Question by Mark Hastings, San Jose, Calif.
A: When to book flights is a question that torments even the most experienced of travelers. Who hasn’t sat in front of the computer wondering: Do I wait for a better deal, or is this the best I’m going to see?
There are no hard-and-fast rules for hitting the right booking window. A recent report from online travel agency CheapAir found that, historically, the lowest average fares have been available seven weeks before departure. Airlines Reporting Corporation (ARC), which manages airline ticket sales for U.S. travel agencies, conducted a similar study and located the best airfares six weeks prior to flying. But that window changes dramatically depending on where you are traveling—and when.
“There’s such a thing as booking too early,” says Rick Seaney, CEO and cofounder of online research tool FareCompare. “Airlines don’t really begin managing their domestic flights until about three months in advance—that’s when they start releasing the more affordable seats.” The sweet spot, he says, lies between three months and six weeks in advance. Recent data from Kayak supports this. The airfare aggregator looked at a year’s worth of searches and found that six months before departure, domestic ticket prices were about 20 percent higher than the lowest fares. They started dropping three months out and hit a low three to seven weeks before departure. Whatever you do, don’t wait until the last week, when prices shoot up—by about 25 percent, according to Kayak.
For long-haul tickets, start your search early. Kayak’s data located the best average fares for Asian flights a full nine to ten months out; they drop again (though not as low) between three and four month in advance. For South American tickets, the ideal booking window was around six months before departure. For African trips, the site found that prices started to fall about three months out. Interestingly, they didn’t bottom out until about five weeks before departure. Of course, these are all average prices. If you’re hoping to catch a fare sale to a farther-flung destination, focus your search between five and two months out, when they usually appear, Seaney says. The best plan for long-haul shopping: search for fares early to get a general sense of prices and sign up for a fare-watching service—Airfarewatchdog, CheapAir, and FareCompare all have good ones. You’ll know to book when the right price comes along.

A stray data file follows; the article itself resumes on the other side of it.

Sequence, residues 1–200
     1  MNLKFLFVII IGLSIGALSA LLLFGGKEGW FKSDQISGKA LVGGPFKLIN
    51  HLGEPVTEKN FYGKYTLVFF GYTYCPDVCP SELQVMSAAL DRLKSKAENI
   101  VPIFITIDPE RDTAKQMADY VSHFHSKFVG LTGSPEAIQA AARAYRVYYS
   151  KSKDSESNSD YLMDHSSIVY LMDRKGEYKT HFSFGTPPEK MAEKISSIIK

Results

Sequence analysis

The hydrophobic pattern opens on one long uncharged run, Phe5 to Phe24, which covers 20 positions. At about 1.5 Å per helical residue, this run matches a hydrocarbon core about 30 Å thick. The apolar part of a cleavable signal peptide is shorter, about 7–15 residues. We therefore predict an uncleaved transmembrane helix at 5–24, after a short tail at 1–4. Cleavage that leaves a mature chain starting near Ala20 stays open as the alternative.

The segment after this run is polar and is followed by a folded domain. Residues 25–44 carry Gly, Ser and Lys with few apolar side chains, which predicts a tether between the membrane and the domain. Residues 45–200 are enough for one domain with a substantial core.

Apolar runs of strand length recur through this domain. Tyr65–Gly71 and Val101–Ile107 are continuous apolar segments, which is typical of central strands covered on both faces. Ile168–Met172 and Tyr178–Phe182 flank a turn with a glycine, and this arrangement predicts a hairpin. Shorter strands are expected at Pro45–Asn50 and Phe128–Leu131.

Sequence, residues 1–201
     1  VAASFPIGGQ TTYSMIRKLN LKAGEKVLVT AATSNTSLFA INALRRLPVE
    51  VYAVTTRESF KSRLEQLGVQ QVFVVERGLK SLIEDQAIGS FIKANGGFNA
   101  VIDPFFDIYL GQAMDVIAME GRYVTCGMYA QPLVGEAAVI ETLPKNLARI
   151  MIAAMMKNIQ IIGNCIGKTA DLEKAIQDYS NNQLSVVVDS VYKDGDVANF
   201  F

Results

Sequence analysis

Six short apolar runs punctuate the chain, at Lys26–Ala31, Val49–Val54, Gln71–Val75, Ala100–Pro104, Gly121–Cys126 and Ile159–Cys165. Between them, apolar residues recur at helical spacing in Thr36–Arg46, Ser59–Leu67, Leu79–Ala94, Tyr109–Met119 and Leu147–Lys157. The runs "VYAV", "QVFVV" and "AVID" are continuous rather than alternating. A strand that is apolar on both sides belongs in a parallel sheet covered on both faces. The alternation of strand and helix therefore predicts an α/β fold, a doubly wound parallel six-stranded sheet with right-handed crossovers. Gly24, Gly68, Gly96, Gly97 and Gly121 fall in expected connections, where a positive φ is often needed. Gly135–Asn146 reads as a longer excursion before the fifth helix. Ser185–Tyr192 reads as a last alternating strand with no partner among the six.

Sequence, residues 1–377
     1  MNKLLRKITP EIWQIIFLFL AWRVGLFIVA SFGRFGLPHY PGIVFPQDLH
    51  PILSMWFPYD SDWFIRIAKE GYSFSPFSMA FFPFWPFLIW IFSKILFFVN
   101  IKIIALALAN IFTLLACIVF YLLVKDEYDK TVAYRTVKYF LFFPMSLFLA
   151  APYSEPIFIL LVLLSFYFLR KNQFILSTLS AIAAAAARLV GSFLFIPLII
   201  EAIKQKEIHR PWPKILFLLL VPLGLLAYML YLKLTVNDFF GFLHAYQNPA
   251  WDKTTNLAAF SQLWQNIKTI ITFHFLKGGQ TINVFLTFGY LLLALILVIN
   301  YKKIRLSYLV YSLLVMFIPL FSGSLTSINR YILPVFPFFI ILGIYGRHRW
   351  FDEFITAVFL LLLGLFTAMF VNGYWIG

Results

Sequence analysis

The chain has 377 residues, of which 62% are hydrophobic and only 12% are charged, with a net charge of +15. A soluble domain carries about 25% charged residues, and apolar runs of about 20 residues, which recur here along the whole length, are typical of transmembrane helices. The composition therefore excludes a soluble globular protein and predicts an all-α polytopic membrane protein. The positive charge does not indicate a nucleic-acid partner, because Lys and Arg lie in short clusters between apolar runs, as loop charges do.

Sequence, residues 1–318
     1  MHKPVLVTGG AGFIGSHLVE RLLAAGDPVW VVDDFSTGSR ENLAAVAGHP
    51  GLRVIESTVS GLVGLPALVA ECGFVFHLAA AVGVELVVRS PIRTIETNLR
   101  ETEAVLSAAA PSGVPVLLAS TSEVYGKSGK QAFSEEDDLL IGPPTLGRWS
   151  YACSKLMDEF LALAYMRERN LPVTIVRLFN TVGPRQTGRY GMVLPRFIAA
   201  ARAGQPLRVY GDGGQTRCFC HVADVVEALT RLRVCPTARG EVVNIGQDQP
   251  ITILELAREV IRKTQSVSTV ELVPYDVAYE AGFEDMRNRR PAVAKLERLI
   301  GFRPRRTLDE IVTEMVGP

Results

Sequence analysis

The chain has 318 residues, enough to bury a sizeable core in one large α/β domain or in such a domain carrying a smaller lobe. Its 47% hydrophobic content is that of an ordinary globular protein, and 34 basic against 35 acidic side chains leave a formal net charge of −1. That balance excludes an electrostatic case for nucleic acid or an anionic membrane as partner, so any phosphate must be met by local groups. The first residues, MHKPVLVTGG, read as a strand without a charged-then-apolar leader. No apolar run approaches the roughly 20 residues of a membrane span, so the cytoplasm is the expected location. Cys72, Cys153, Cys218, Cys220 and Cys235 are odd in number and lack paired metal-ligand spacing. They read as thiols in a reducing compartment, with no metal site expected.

Summer Trips to Europe
You’ll have to plan in advance to get the best tickets to Europe. When ARC crunched the numbers for travel between Memorial Day and Labor Day last year, it found the lowest average fares to Europe a full 31 weeks before departure. Seaney recommends beginning your search around four to five months out. (That means now.) And don’t get caught in magical thinking: sales on summer airfare to Europe are rare. According to Jeff Klee, CEO and cofounder of CheapAir, they usually occur when there’s an increase in capacity (i.e., new flights or routes). But if you can’t be flexible about your dates or destination, you likely won’t be able to take advantage of these deals. If you do have some flexibility, the booking window decreases and the fares drop for travel in the spring or fall—outside of the school holidays.
Winter Caribbean and Ski Getaways
There’s no use waiting for fare sales here. High demand and limited airlift mean that prices for winter flights to Caribbean islands and smaller ski-country airports usually don’t fluctuate much—and rise dramatically fairly early. Looking at last winter’s economy-class fares from the United States to the Caribbean islands, ARC found the lowest average fares 21 weeks before departure. That jibes with Seaney’s advice to book both Caribbean and ski getaways about four to five months before your trip. The exceptions: flights to Denver, Salt Lake City, and other large airports serving ski destinations. You’ll have extra time to book because the airports have more capacity.
The earlier the better, once again. Last year, analysts with CheapAir tracked domestic airfares for more than 11,000 markets for Thanksgiving, Christmas, and New Year’s travel. Notably, for all three holidays average ticket prices hit a low in early June. They fluctuated throughout the rest of the summer and early fall, but by the end of September they were steadily rising. Not everyone can plan a winter holiday in June, of course. But if you’re considering going from somewhere cold to somewhere warm, Klee advises getting the tickets as soon as possible. A similar principle is at work for spring-break travel. Tickets to Florida and other popular warm-weather destinations start rising early—and tend not to vary. Seaney recommends planning these trips five months in advance. “Airlines are really good at knowing when an airport’s local school districts are on spring break, and will adjust airfares accordingly,” he cautions.
Of course, all of these booking windows are estimates and should be taken as guidelines rather than rule of law. As George Hobica, founder of Airfarewatchdog, says: “If there were an established best time to book, airlines would identify it and hike fares accordingly.” Consider yourself warned.
By the Numbers
$1,284: Lowest average economy-class airfare to Europe last summer, booked 31 weeks in advance.
$589: Lowest average economy-class airfare to the Caribbean last winter, booked 21 weeks in advance.
Source: Airlines Reporting Corporation (ARC)